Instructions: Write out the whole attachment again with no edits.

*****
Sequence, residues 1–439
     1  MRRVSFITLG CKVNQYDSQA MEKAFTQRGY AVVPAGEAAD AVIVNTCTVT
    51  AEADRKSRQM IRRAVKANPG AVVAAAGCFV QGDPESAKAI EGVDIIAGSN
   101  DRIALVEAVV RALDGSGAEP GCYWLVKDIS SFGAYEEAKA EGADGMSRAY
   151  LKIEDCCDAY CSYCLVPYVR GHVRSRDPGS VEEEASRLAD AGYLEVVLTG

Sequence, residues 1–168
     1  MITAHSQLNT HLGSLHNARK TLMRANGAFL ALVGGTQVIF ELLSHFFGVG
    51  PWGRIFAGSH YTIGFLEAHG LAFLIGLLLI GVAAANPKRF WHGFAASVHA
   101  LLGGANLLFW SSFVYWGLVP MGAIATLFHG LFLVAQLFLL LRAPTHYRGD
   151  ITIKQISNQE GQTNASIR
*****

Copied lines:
Sequence, residues 1–439
     1  MRRVSFITLG CKVNQYDSQA MEKAFTQRGY AVVPAGEAAD AVIVNTCTVT
    51  AEADRKSRQM IRRAVKANPG AVVAAAGCFV QGDPESAKAI EGVDIIAGSN
   101  DRIALVEAVV RALDGSGAEP GCYWLVKDIS SFGAYEEAKA EGADGMSRAY
   151  LKIEDCCDAY CSYCLVPYVR GHVRSRDPGS VEEEASRLAD AGYLEVVLTG

Sequence, residues 1–168
     1  MITAHSQLNT HLGSLHNARK TLMRANGAFL ALVGGTQVIF ELLSHFFGVG
    51  PWGRIFAGSH YTIGFLEAHG LAFLIGLLLI GVAAANPKRF WHGFAASVHA
   101  LLGGANLLFW SSFVYWGLVP MGAIATLFHG LFLVAQLFLL LRAPTHYRGD
   151  ITIKQISNQE GQTNASIR